The Eagle wishes everyone a Happy Hanukkah. Check out our Dec. 7 issue for more holiday-related stories.
This 21-and-up twist on the classic spinning top game requires multiple players, a dreidel and the players’ choice of alcohol.
In traditional dreidel, children usually play for gold, foil-covered chocolate coins called “gelt.” Players spin the four-sided top and perform one of four actions based on the side the dreidel lands on.
For Drunken Dreidel, the rules are only slightly different.
The four symbols on the sides of the dreidel are actually Hebrew letters that represent different Yiddish words.
The letter nun represents “nisht,” which means “nothing.” If the top falls with this side facing up, the player’s liver is safe.
The letter shin means “shtel,” which is Yiddish for “put in.” Usually a child adds a piece of gelt to the pot, but for Drunken Dreidel the spinner should take a shot.
Hey represents the Yiddish word for “half.” In standard dreidel, this means that the player takes half of the pot. For this edition of the game, “hey” means “heaven,” and all players should immediately stand up. The last person to rise should hang his head in shame while he and everyone on his half of the circle drinks.
Finally, gimmel stands for “ganz,” or “everything.” When a player lands on gimmel, everyone drinks!
L’chaim! Remember to play this game responsibly, and not on AU’s campus!
The older cousin of hash browns, latkes are a Hanukkah tradition loved by Jews and gentiles alike. Potatoes are shredded and fried in patties, then served hot and crispy with applesauce and sour cream.
Here are some local businesses that sell Latkes:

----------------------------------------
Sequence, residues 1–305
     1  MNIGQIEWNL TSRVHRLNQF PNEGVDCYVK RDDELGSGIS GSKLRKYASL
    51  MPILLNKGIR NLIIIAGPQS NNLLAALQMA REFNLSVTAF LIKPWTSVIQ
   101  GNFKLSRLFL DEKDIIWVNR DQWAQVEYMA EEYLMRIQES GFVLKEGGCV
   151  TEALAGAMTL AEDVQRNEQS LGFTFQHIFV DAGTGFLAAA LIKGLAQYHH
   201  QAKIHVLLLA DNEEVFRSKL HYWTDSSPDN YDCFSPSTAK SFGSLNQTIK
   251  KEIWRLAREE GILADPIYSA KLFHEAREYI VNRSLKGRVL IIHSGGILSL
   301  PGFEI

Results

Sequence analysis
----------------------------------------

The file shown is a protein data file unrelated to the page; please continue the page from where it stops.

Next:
7905 Norfolk Ave., Bethesda, Md.
$4.50 per plate
If placing an order for the holiday, prices are $1.49 per latke or $16.95 per dozen. Make sure to check their special Hanukkah menu for other treats as well.
Star and Shamrock Tavern & Deli
1341 H St., NE
$6.50 per plate
1331 H St., NW
$6.95 per plate
Because AU policy prohibits lighting candles in the dorms, celebrating Hanukkah with a menorah requires some creativity.
One option is to display an electric menorah in your window.
For the Festival of Lights on a college budget, CVS sells small, plastic, battery-operated menorahs for around $5. More interactive candle lighters can buy a menorah window poster, sold on improvementscatalog.com for $9.99. The poster includes stickers to cover the flames so you can “light” a candle each night by removing the sticker.
If you feel your holiday won’t be the same without the traditional candles, go ahead and light them – but make sure it’s outside.
Hanukkah on the Ellipse
1600 Constitution Ave., NW
Washington will begin the Festival of Lights by lighting the National Menorah at the White House Ellipse.
Free tickets can be reserved through http://www.afldc.org or by calling 202-332-5600.
JEWMONGOUS Hanukkah Party
600 I St., NW
Sixth and I Historic Synagogue will celebrate Hanukkah with ex-Rockapella performer Sean Altman and his comedy concert, “JEWMONGOUS,” described by the synagogue’s website as “an unkosher blend of song, humor, pop culture and all things Jewish.”
Tickets are $20 and can be reserved by calling 877-435-9849. Attendees must be 18 to enter the event and 21 to drink.